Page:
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Popular v. Peer Reviewed

No matter what citation style you use, sometimes professors will ask you to use "scholarly articles" rather than popular magazines.  What's the difference?  See the table below:

Characteristics

Scholarly Articles

 Popular Magazine

Appearance

Sober and serious
May contain graphs or charts
Will not find glossy pages or photographs

Attractive appearance
Advertisements
Heavily illustrated
Glossy paper

 Audience

 Scholars and students

 General audience

 Authors

 Scholars in the field of study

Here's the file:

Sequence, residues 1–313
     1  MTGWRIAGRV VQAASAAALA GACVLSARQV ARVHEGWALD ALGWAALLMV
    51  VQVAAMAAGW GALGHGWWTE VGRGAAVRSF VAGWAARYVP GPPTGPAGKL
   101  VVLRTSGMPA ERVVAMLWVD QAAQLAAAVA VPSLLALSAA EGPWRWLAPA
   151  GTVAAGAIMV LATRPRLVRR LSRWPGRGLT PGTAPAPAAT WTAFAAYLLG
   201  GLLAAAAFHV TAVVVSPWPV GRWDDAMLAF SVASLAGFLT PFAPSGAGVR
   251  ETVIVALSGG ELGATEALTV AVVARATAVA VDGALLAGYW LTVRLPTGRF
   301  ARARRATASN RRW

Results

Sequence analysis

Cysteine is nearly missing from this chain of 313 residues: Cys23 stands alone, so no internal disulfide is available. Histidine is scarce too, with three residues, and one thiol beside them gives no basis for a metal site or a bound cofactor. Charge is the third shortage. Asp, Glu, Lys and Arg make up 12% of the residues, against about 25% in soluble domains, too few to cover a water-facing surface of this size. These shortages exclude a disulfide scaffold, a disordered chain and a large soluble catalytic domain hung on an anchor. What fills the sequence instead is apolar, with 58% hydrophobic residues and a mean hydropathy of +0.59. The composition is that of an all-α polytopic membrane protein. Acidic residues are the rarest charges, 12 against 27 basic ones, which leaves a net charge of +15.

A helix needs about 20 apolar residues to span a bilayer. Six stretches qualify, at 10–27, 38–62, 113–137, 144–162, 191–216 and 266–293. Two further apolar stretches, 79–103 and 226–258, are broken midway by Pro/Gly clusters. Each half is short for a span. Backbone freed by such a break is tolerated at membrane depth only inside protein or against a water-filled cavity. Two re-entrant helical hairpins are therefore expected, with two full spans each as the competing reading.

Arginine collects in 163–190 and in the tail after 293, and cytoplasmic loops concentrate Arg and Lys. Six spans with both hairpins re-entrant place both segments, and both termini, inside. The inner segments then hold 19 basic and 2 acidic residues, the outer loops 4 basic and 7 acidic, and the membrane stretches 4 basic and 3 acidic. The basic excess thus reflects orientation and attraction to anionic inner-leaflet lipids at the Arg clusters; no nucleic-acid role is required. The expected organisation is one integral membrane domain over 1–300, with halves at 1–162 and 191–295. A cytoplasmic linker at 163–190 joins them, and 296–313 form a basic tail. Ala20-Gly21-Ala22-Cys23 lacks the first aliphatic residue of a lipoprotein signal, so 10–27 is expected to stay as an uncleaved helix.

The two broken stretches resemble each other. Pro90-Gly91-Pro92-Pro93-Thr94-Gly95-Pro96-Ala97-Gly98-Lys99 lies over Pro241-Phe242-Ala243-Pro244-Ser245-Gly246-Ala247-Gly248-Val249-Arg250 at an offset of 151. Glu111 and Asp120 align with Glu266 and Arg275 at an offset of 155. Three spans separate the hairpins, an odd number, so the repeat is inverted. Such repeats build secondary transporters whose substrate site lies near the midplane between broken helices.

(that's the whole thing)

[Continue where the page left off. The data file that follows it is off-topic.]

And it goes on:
Reporters, usually not experts on the subject

 Documentation

 Sources cited in footnotes and/or bibliography

 Sources not cited or cited informally

 Purpose

 Report results of original research or experimentation

 Provide general information

 Article Acceptance
Procedure

Many (but not all*) scholarly journals are "refereed" or "peer review" journals - articles undergo a rigorous examination by other scholars in the field before being published.

 Written by hired reporters, edited by magazine editors, and published.

 Example journals

Medicine & Science in Sports & Exercise
Journal of Sports Medicine
Internal Journal of Sport Psychology

Sports Illustrated
Coach and Athletic Director
Bicycling

 Example articles

Peer-reviewed article example

Popular article example

*Peer review = reviewed by peers independent of the journal.  Scholarly = not peer reviewed but has an editorial staff knowledgeable in the field